Privilege 101: Do you have it? Is it bad?

This is a notoriously tricky subject but I’m gonna go there anyway because the concept of social privilege is something that is still vastly misunderstood and yet it underpins a lot of what I write on here. When someone tells you that you have privilege your knee-jerk reaction is to be offended, to want to tell the accuser that you have had as much suffering in your life as the next person and that you’ve worked hard for what you have. You might assume that being told you have white privilege, straight privilege, male privilege, cis privilege or able privilege implies that you have an easy life because of those things. I can see where the slow burn of anger and confusion begins to ignite because I used to feel that too, I used to want to tell people that just because I’m white passing doesn’t mean I’ve never faced persecution or prejudice, just because I’m cis doesn’t mean I’ve not experienced cruelty based on sexuality and gender, just because I’m not in a wheelchair doesn’t mean I’ve had an easy life! But later came the understanding of privilege that made me want to eat my words.

It is a privilege not to  worry about whether or not you will get a job based on your disability.

It is a privilege not to have to fear the law because of your skin colour.

It is a privilege not to be more at risk of sexual assault, rape and violence because of your gender.

It is a privilege to be able to open and magazine or watch a film and see lots of people just like you.

It is a privilege to be accepted.

I’ll use race as an example. This is white privilege; the option to not experience institutionalised, deeply ingrained societal racism is something that people of colour simply do not have access to. Racism isn’t always violent or loud or obvious, racism can be a silent killer that sneaks up on us. Racism is what makes us fear darker skinned people more than those with white skin, it’s the very same thing that has resulted in “accidental” deaths at the hands of those entrusted to protect us. This sort of deep seated fear and pattern of fear-violence-fear can only be broken by becoming more aware of the ways that white and white passing people are benefitting from our privilege and how can we make it right. There are countless arguments and examples that can be applied to lgbt/disabled/female folk, you’d be surprised at the amount of concerns that you simply don’t face simply by being straight, white, cis, male and able bodied.


It’s always going to be uncomfortable to admit that you, probably an open-minded progressive person who is an avid supporter of equality, has a luxury that many of those you love and care about cannot share. Just because you don’t want your privilege doesn’t mean it’s not there and that the world won’t treat you differently to your poc/trans/disabled counterparts regardless. It’s awkward, believe me I get it. You’d rather not talk about it and just ignore it. But ignoring the issues surrounding privilege is what has allowed  the vast disadvantages of being a minority group to silently grow.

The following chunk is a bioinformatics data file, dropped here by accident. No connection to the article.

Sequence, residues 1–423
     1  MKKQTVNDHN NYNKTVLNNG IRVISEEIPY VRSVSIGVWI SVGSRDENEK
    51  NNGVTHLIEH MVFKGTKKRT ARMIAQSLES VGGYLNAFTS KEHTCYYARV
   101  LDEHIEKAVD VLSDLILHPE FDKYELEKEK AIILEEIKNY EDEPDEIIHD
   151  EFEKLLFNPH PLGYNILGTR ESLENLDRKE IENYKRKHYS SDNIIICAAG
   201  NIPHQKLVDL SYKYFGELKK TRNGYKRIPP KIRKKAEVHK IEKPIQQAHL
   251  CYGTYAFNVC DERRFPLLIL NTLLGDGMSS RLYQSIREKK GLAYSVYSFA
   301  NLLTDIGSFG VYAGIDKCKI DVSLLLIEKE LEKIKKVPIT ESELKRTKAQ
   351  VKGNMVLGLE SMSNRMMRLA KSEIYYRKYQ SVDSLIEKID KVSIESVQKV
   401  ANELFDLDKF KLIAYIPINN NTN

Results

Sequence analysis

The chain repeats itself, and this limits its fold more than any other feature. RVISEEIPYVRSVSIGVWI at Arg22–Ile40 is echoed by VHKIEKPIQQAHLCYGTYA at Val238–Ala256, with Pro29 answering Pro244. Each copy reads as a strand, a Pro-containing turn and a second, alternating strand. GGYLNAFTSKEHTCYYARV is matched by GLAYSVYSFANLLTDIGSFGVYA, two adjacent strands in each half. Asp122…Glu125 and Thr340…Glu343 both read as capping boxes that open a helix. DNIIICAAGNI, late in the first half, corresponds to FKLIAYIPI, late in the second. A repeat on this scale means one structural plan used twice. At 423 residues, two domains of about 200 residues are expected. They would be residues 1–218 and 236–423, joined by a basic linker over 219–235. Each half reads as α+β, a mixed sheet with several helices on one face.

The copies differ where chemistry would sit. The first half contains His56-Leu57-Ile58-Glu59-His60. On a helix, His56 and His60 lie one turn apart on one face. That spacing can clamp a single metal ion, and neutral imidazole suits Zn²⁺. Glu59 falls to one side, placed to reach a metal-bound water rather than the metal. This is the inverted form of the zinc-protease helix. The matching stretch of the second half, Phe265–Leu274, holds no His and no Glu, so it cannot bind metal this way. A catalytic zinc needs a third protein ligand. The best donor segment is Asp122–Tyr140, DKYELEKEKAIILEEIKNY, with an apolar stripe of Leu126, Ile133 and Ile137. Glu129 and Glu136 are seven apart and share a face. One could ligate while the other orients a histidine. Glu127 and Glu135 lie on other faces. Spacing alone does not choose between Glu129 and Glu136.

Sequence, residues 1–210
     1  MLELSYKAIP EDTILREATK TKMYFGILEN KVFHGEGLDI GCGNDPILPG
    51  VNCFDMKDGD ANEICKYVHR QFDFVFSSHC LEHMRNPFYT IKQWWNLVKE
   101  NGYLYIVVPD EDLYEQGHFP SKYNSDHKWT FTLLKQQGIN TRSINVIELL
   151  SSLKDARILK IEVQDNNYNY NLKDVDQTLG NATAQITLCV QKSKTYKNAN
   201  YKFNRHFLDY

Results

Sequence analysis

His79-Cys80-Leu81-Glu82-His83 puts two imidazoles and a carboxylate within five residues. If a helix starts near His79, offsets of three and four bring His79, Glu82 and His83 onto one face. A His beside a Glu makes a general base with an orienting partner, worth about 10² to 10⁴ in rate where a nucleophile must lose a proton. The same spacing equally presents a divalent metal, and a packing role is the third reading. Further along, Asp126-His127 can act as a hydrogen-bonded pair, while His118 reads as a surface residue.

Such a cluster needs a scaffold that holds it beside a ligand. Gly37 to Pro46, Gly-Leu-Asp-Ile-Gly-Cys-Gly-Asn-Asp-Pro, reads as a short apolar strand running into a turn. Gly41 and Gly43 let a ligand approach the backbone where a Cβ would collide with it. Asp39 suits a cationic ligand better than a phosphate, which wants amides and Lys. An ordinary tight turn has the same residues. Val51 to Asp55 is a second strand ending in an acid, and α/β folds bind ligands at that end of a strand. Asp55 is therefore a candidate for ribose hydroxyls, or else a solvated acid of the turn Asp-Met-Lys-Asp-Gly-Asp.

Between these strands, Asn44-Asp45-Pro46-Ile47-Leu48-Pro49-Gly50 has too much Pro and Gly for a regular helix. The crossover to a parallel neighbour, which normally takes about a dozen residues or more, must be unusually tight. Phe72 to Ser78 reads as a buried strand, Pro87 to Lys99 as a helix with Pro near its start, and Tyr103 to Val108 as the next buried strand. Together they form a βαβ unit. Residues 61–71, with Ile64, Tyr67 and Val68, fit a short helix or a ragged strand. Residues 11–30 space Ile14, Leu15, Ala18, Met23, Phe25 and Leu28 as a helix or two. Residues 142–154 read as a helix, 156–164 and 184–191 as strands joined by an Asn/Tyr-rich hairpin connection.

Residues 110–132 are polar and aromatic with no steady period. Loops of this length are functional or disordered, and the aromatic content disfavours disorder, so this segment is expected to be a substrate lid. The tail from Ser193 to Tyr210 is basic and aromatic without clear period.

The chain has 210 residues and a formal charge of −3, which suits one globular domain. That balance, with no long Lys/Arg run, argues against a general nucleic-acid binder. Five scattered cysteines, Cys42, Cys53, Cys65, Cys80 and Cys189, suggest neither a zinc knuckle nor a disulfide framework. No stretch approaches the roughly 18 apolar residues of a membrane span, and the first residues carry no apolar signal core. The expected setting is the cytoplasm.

So how do we fix it? Admitting is the first step and it’s better to come right out and say it: I have privilege where others do not. We can all help by being a little more sensitive in our discussions about race, gender, disability and transgender, remember that your individual experiences and view of the world have been shaped by the way the world has treated you (even if that’s not saying a lot, you can guarantee that if you’re a part of the majority you have still had it better than those in the minority). Others probably have an entirely different view, do not attempt to derail them with micro aggressions or by countering using your own experience because the two can’t really be compared where one has been a victim of racism (or any other negative ism or phobia) and the other has not. As a person with privilege your voice is inadvertently  louder than the voices of your counterparts so you should use this for good, always.

In short:

  • Privilege does not mean you have an easy life
  • Privilege does not exclude you from discussions about equality and prejudice
  • Privilege is simply the omission from negative experiences that poc/disabled/female/trans people live through daily.
  • Having privilege isn’t your choice, don’t feel bad just use it for good rather than to erase the experiences of others.

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